If your customers are VAT-registered and can recover the VAT which you charge them, there is no advantage to you in ceasing to be registered. It won’t save your customers any money, but it will cost you because you won’t be able to recover the VAT on your own costs.
If some or all of your customers can’t recover VAT – if they aren’t in business, or their business is unable to recover all of its VAT – or if your sales don’t relate to their business – then on the face of things, VAT de-registration may look like a good idea. You’d no longer have to pay 1/6 of your turnover to HMRC as VAT, so you would increase your profit once things start going back to normal. Maybe you could drop your prices and gain a competitive advantage? You would no longer be able to recover VAT on your costs, so your costs would go up, but overall you should benefit.
If you are in a business which incurs little input VAT, such as takeaway food or a service business, this might seem very attractive. You need to polish up your crystal ball and do the arithmetic, but there are other things to consider as well.
If you are still able to trade but your turnover is down, so that you think that your turnover will fall below £83,000 over the next 12 months, then you are free to apply to de-register. You have to persuade HMRC that your turnover will fall far enough, but at present many applications seem to be going through on the nod.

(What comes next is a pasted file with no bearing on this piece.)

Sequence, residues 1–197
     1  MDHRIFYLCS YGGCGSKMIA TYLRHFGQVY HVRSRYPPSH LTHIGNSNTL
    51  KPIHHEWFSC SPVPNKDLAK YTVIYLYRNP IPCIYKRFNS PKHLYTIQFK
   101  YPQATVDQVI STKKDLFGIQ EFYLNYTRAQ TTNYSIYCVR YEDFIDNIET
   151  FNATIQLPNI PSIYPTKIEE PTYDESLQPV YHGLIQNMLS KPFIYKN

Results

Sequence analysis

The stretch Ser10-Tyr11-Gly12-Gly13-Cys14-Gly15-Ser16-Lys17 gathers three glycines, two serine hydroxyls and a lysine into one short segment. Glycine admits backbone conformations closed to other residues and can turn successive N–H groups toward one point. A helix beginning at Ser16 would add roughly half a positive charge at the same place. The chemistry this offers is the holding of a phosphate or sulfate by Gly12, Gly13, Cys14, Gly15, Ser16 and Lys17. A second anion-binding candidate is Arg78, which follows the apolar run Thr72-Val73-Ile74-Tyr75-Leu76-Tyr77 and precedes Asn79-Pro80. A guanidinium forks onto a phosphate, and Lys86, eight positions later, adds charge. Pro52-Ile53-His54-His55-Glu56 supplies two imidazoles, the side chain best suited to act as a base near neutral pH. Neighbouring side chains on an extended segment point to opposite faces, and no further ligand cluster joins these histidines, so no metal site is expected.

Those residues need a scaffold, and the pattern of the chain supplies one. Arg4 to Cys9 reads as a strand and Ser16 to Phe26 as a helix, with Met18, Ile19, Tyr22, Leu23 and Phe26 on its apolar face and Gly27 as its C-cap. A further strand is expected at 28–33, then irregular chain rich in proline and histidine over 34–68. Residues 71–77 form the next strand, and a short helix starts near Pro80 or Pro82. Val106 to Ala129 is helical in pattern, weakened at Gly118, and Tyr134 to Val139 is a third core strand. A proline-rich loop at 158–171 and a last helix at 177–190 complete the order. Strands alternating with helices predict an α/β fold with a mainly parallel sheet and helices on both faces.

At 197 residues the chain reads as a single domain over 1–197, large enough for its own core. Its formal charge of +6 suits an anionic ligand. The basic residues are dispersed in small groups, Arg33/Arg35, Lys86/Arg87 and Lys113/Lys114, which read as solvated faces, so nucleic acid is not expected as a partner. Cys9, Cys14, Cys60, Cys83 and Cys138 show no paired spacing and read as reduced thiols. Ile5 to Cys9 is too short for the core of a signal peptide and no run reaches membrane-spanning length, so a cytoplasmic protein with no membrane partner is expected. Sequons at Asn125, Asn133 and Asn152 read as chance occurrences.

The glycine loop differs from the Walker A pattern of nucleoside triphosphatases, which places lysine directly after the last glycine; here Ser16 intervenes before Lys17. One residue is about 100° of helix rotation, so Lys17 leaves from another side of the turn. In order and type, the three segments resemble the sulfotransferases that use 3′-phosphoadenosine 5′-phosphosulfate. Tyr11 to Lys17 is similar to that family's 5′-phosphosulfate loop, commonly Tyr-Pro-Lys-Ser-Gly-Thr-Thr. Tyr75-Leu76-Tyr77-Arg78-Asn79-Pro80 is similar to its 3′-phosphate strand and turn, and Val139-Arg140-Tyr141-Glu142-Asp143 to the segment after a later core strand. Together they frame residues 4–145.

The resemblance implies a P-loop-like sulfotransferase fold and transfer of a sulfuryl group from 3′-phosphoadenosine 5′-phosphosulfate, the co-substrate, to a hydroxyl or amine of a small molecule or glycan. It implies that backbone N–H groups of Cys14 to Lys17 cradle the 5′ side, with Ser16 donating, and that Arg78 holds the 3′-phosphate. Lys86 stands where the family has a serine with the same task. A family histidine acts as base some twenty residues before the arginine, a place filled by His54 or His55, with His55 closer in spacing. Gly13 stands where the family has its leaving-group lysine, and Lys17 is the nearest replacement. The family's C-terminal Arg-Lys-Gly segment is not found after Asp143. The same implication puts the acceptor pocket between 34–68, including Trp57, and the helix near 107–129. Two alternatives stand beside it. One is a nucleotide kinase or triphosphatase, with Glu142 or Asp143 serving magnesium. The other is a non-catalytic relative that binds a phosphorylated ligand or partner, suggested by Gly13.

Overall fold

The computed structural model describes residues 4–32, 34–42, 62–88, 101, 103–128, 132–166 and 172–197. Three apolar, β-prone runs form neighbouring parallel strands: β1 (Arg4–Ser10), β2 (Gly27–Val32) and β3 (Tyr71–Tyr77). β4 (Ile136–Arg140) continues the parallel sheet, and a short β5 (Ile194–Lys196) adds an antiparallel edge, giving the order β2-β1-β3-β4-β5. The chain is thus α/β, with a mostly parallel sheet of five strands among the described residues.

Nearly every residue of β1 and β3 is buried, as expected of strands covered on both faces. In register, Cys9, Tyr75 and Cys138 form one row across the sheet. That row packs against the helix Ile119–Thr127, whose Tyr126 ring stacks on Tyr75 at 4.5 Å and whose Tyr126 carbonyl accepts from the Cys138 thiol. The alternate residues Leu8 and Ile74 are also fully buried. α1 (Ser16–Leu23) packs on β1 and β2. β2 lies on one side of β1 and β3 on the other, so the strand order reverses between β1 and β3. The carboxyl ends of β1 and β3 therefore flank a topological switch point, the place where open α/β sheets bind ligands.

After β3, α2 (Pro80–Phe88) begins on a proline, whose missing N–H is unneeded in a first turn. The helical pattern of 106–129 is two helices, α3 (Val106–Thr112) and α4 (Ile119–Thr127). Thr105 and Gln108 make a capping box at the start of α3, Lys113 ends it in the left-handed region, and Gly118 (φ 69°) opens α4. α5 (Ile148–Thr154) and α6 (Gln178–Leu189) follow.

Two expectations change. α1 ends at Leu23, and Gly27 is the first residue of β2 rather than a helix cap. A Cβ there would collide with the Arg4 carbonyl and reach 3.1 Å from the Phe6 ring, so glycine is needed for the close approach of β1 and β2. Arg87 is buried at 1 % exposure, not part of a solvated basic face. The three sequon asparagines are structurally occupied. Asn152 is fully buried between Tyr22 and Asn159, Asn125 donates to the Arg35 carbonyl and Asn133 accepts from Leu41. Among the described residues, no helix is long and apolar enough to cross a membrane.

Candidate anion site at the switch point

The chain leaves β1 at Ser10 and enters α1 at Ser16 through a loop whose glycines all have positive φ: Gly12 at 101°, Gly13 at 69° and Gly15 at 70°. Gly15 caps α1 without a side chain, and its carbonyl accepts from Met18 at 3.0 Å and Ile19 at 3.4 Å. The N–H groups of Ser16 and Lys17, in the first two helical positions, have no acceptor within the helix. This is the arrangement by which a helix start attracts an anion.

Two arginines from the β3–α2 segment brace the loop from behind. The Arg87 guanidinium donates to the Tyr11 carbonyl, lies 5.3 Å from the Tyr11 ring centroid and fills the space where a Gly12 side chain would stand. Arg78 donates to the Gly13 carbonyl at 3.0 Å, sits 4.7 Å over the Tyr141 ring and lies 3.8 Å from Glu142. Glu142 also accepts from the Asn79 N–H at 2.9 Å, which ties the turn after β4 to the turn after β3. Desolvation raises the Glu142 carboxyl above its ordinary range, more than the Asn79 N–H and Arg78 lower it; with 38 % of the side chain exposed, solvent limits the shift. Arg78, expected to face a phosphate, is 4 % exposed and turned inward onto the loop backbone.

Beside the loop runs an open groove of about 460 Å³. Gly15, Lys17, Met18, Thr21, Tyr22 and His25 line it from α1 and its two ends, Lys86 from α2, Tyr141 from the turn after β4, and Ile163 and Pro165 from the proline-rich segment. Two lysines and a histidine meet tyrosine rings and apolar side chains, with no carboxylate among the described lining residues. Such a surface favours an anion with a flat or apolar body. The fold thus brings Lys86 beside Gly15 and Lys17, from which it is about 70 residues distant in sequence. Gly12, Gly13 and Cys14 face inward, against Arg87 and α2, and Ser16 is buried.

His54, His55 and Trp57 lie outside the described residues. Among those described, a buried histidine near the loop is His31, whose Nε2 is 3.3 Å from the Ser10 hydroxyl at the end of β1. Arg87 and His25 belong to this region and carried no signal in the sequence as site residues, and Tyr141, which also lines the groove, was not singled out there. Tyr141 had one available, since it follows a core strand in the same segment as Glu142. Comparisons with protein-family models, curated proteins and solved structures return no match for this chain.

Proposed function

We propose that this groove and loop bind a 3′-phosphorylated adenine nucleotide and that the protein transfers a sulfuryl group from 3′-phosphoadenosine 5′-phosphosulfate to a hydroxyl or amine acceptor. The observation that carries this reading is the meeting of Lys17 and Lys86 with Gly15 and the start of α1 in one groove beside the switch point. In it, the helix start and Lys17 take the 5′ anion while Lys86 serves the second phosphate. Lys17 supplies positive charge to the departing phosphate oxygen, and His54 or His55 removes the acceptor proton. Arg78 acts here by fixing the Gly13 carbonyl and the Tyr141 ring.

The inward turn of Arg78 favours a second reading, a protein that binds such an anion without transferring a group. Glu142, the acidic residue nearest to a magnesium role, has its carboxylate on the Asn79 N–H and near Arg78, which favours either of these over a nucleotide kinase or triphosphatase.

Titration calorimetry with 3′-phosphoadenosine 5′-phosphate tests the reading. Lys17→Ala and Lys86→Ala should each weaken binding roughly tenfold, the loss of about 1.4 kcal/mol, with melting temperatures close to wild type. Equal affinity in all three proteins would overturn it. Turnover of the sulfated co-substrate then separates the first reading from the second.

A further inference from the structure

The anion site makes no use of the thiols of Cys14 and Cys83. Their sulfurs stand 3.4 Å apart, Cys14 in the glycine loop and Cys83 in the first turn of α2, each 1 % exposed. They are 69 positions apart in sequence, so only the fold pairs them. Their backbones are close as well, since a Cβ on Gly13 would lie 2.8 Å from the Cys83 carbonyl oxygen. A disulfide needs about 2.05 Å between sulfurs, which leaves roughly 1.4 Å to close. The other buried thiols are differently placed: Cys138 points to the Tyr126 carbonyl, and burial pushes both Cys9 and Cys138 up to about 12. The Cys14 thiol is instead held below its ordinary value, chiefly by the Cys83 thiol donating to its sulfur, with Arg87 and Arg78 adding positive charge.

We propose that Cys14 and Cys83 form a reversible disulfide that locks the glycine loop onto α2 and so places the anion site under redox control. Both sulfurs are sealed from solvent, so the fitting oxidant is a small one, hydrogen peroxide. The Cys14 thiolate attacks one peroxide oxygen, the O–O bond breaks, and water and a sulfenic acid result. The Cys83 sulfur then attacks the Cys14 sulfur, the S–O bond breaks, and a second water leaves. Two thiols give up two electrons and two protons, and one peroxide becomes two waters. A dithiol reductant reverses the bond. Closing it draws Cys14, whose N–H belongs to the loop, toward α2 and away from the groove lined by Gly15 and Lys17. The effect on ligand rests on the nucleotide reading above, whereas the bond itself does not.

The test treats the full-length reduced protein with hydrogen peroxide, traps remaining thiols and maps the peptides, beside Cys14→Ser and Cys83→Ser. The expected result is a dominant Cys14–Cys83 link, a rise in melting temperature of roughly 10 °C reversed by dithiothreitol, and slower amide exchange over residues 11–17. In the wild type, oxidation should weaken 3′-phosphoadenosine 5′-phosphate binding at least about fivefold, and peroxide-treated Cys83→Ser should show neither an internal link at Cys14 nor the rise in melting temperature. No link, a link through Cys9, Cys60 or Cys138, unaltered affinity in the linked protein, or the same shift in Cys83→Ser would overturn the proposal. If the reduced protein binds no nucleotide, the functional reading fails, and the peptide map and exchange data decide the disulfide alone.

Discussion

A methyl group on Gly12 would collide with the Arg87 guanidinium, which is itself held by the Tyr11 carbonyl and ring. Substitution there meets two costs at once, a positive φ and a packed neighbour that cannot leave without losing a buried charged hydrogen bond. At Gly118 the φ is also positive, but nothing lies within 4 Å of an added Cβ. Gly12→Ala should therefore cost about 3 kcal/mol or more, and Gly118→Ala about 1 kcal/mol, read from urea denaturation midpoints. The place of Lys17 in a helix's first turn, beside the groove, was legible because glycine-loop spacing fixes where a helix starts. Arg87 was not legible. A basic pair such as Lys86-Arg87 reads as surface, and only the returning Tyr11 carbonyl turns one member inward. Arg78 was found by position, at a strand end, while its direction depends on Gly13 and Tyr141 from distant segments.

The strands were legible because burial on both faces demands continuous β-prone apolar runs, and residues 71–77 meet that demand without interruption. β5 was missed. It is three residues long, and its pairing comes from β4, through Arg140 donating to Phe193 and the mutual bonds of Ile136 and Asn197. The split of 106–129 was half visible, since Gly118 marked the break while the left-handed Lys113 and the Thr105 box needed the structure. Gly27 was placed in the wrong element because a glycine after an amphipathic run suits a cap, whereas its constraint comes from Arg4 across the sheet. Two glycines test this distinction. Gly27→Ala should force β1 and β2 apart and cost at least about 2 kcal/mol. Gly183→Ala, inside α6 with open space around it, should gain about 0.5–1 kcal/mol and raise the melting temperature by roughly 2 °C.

On the other hand, if you have temporarily stopped trading, you may not be entitled to de-register. HMRC’s guidance looks like you may be OK.
“HMRC will not allow you to cancel your registration if the reduction in your turnover is the result of your intention to stop trading or suspend making taxable supplies for 30 days or more in the next 12 months.”
You haven’t stopped of your own volition; you’ve been made to stop – can you say that it was never your intention? But HMRC are paraphrasing the law, and the law isn’t so helpful. You cannot de-register if HMRC are satisfied that the reason for the fall in turnover is that you will suspend making supplies for 30 days or more. Your intentions have nothing to do with it; the HMRC guidance wasn’t written with these unusual circumstances in mind.
De-registering can itself incur a cost. If you have any goods on hand – stock, consumables or fixed assets – on which you have reclaimed input VAT, you have to pay output VAT on them to HMRC in your final VAT return, if it is over £1000. This includes property if you’ve opted to tax it, and it has to be based on the current market value, so that could be expensive.
And when things go back to normal, what if there is pent-up demand from your customers, and your turnover bounces back so that over the 12 months you remain above the £83,000 threshold after all? Will HMRC accept that you were within your rights to de-register? You could end up having to pay interest and penalties on undeclared VAT.
As ever, VAT is a complex subject and you should tread carefully. If you have any questions about the DRC or its effect on your business, please contact Alastair Johnston or your usual William Duncan contact.